But the violence continued. ‘There was a little girl at the age of 8 in our village whose cousin was stabbed in front of her eyes’, Leyla said, the stabbing happened during a fight between schoolchildren. 

Despite the worsening situation. Leyla’s father was adamant that they stay in Tugh. Every once in a while, their windows would be broken — and her father would dutifully change them, even as their neighbours would poke fun at him, that the war had started, and fragile new windows were not going to last very long.

But, in 1991 even Leyla’s father’s hope for peace reached a breaking point. As fighting in Nagorno-Karabakh intensified, Armenian forces had begun taking control of nearby villages — and violently expelling their Azerbaijani inhabitants. On 30 October, shells began to land in Tugh as Armenian forces advanced on the village and Leyla’s family finally decided to flee. 

Her father locked all the doors — he expected to return.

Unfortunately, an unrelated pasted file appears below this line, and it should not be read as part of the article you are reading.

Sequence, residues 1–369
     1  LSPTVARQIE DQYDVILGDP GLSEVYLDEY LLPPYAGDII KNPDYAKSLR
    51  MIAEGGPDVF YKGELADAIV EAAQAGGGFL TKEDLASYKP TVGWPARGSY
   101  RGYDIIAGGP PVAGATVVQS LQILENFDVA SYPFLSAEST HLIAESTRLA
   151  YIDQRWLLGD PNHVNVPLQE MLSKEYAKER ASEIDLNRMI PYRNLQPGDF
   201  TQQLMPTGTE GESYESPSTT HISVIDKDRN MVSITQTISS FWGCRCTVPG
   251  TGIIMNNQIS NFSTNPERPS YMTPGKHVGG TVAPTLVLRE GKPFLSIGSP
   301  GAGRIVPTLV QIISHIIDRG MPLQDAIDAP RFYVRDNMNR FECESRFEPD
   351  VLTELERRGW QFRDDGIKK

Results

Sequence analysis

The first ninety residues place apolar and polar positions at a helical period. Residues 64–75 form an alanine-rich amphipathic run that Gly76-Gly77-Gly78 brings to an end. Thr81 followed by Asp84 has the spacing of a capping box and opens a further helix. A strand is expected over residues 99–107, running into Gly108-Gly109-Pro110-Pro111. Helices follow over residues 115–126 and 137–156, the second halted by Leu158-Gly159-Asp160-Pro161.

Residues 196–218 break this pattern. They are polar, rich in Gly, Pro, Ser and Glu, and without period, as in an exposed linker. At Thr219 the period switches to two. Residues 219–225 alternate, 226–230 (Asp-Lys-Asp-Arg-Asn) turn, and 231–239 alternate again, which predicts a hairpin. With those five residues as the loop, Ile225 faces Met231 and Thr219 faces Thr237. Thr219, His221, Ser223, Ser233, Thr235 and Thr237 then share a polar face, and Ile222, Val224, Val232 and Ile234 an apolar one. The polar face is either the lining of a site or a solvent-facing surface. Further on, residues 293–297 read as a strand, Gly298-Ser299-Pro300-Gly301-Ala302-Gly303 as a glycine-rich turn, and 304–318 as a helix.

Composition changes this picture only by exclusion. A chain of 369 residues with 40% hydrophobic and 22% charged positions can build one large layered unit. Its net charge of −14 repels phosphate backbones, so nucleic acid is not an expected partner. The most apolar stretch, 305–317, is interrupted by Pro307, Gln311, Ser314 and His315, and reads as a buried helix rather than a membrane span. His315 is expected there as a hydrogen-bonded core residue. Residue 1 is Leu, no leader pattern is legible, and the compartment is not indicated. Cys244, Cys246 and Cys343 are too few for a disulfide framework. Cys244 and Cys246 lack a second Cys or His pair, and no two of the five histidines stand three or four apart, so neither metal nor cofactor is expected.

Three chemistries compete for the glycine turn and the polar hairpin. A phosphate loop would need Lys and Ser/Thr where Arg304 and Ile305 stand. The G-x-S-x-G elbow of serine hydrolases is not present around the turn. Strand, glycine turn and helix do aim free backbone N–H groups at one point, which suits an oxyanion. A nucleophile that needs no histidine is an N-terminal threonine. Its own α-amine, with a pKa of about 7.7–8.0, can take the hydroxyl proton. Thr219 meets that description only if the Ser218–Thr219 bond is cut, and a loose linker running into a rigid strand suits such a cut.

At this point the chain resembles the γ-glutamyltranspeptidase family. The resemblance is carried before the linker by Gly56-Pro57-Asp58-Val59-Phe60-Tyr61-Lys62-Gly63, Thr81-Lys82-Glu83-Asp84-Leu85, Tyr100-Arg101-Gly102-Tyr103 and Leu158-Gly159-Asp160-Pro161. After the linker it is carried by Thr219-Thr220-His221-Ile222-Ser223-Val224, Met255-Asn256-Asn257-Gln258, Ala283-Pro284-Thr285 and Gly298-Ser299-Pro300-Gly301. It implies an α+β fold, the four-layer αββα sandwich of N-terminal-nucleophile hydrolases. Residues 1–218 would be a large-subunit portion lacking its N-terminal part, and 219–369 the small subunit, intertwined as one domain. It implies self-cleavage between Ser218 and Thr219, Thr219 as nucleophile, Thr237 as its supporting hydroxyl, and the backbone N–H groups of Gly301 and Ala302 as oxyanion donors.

On their way out — Leyla’s father decided to turn back. He was a doctor, what if other Azerbaijani residents, those who were elderly or disabled, needed evacuation? When he returned, he saw that much of the village was on fire. His home, somehow, had escaped the carnage, he retrieved only an audio recorder and a photo album. 

On his way out of his home village, in a forest nearby, he stumbled upon an injured man hiding in the trees and helped drag him to safety. 

The family was reunited in the nearby region of Fizuli. Despite the horrors of what happened to them and the horrors they feared were yet to come, as doctors, Leyla’s parents wanted to remain close to the fighting and help how they could. 

A pair of shoes - Imdad’s story 

Imdad's family, the first year of displacement. Terter region, Husanli village, 1993.